In fall 2021, Inspire Brands lifted the lid on a ghost concept unlike any other. The company’s “Alliance Kitchen” marked the first dark kitchen owned and operated by a multi-brand restaurant company. Nestled in Inspire’s Atlanta backyard, it features food from each of the group’s restaurants—except for Dunkin’. So customers can order through Arby’s, Buffalo Wild Wings’, Jimmy John’s, Sonic Drive-In’s, and Rusty Taco’s respective online ordering platforms, or via third-party apps.

The build boasted a segmented kitchen and cross-trained workforce. Consider it a digital, virtual manifestation of the co-branded spaces that have long infiltrated quick service. In addition to providing choice, there were other familiar goals. Compared to five standalone restaurants, Alliance’s setup reduced labor requirements by 54 percent; cut square footage needs by 19 percent; decreased equipment costs by 45 percent; and sliced energy consumption north of 50 percent. Catering to third-party delivery drivers, the ghost kitchen also built a lounge with heated pickup lockers, free WiFI, charging stations, and complimentary Dunkin’ coffee.

READ MORE: How Inspire Brands’ Collective Strength Fuels a Restaurant Empire

And that was hardly the end of this chapter for Inspire. Alliance has also served as a testing ground for new labor models, kitchen layouts, and menu items. Buffalo Wild Wings, for one, deployed Miso Robotics’ Flippy Wings to measure potential food production speed benefits.

While Inspire’s foray into this virtual co-brand was a first, it’s unlikely to be a one-off experiment. Consolidation has continued to group brands under umbrellas across the sector (Applebee’s and IHOP parent Dine Brands just acquired Fuzzy’s Tacos) in an effort to leverage scale against the cost and macroeconomic pressures facing restaurants. How shared strengths benefit the whole will remain a lead target for foodservice. Speaking digitally, that side of Inspire’s business had more than doubled to excess of $6 billion ahead of the Alliance opening. Last year, the number rocketed above $7 billion. The company produced U.S. digital sales growth over 35 percent versus 2020—good for more than 20 percent of domestic system sales. Inspire also surpassed $1 billion in sales via third-party marketplaces. Across the company, Inspire’s loyalty user base hiked to nearly 50 million members.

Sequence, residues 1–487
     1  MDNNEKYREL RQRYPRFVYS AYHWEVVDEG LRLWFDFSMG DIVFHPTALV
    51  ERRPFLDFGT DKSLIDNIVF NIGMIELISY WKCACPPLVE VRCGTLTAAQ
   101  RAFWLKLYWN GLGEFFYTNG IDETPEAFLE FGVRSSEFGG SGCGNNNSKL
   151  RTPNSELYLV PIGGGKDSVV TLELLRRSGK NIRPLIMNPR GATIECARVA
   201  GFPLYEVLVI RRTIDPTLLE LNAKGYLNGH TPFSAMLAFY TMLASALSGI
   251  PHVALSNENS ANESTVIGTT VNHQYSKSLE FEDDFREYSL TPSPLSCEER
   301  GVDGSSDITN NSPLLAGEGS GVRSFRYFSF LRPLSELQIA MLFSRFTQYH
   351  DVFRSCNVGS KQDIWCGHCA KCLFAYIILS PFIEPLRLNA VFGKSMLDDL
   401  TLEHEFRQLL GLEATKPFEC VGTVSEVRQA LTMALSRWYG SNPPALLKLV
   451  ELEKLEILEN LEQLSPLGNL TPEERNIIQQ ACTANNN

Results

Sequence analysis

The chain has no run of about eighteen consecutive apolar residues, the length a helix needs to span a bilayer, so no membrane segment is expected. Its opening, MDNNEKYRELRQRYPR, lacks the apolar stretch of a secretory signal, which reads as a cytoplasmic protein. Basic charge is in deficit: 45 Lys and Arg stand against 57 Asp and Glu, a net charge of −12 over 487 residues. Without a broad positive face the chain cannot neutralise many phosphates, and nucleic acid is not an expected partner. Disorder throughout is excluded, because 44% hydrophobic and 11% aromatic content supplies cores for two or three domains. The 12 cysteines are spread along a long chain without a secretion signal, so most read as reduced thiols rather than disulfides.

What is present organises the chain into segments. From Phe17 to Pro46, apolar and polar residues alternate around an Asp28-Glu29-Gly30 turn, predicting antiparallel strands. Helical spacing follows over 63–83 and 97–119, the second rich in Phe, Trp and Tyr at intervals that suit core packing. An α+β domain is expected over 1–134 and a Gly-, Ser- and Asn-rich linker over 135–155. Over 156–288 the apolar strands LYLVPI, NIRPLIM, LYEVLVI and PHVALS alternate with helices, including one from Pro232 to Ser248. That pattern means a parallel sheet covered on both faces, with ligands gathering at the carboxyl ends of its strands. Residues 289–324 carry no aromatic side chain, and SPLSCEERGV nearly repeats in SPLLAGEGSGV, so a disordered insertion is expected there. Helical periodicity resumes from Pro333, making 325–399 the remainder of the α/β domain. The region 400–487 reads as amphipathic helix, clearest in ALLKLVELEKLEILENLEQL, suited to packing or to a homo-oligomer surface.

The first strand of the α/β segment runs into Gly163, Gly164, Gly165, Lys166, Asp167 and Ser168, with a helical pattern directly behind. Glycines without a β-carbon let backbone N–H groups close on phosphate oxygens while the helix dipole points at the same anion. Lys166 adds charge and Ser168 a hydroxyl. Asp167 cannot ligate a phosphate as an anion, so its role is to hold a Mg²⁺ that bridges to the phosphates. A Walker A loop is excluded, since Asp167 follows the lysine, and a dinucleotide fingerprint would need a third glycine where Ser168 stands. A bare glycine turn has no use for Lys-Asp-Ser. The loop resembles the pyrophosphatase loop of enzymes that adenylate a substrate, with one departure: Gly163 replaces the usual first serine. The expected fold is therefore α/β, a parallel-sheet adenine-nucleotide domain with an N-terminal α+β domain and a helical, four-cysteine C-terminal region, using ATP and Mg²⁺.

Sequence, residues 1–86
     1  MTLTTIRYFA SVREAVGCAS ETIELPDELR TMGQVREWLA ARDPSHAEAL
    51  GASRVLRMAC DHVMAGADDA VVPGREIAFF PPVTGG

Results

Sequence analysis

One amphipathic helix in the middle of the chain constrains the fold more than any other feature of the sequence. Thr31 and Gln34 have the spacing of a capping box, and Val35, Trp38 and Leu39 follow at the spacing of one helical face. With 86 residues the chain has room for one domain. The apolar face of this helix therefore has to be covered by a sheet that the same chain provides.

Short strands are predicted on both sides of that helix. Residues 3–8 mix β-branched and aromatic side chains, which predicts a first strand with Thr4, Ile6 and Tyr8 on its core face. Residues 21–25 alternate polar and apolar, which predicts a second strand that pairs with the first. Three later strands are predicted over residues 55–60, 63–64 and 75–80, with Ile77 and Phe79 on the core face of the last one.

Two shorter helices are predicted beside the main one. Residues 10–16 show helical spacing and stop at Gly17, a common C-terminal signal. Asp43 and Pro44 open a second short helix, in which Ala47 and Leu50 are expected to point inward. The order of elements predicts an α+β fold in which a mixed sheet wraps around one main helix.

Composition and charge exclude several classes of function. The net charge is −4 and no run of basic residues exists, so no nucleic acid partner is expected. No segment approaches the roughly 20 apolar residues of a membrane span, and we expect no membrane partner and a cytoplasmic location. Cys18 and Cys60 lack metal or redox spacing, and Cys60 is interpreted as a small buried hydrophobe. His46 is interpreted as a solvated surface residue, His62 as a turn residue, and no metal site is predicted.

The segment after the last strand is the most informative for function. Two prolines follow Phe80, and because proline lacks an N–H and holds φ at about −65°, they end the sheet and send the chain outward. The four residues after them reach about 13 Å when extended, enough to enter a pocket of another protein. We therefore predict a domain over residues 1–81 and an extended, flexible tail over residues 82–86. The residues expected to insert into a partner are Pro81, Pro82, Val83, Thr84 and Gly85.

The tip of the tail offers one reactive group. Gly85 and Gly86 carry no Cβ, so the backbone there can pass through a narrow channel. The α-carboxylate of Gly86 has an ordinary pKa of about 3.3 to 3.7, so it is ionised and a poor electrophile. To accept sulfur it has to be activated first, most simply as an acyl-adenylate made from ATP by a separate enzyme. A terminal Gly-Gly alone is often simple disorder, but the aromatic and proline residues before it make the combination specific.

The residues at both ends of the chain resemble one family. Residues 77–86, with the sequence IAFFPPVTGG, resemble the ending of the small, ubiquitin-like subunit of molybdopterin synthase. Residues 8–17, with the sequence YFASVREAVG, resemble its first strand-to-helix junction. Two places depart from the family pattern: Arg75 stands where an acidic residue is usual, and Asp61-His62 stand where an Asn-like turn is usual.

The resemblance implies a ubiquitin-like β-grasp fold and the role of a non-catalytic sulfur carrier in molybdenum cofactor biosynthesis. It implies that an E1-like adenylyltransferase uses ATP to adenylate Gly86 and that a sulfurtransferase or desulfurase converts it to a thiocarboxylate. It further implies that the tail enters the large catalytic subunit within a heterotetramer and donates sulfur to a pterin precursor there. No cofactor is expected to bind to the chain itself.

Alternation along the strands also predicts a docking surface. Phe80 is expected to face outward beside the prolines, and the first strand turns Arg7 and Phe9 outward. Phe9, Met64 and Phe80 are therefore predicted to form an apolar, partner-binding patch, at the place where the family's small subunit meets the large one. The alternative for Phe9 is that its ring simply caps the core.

So how multi-brand benefits translate into the ghost space will be one of 2023’s more intriguing stories. And Inspire’s category-busting creation might just be a clear view of what’s to come.

Stephanie Sentell, SVP, restaurant operations and innovation at Inspire Brands, chatted with QSR about Alliance Kitchen and how it’s blazing a trail for future ideas.

Take us inside Inspire’s ghost kitchen strategy. What makes the company’s approach unique? 

The Alliance Kitchen is the first fully developed, owned, and operated multi-brand ghost kitchen in the industry, making our approach incredibly unique. While popularity of ghost kitchens remains, we have curated a one-of-its-kind concept that presents five iconic restaurants all in one central location, leveraging impressive technologies and streamlined operations to ensure success.  We’ve had the opportunity to introduce brands that weren’t otherwise available to an important market for Inspire Brands in our hometown of Atlanta. Its’ proximity to our Innovation Center enables guest experience leadership and team members to implement new technologies, systems, and processes in a test-and-learn environment that can then be applied throughout our existing business models.

How has Alliance Kitchen evolved since its November 2021 unveiling? What has the consumer response been like?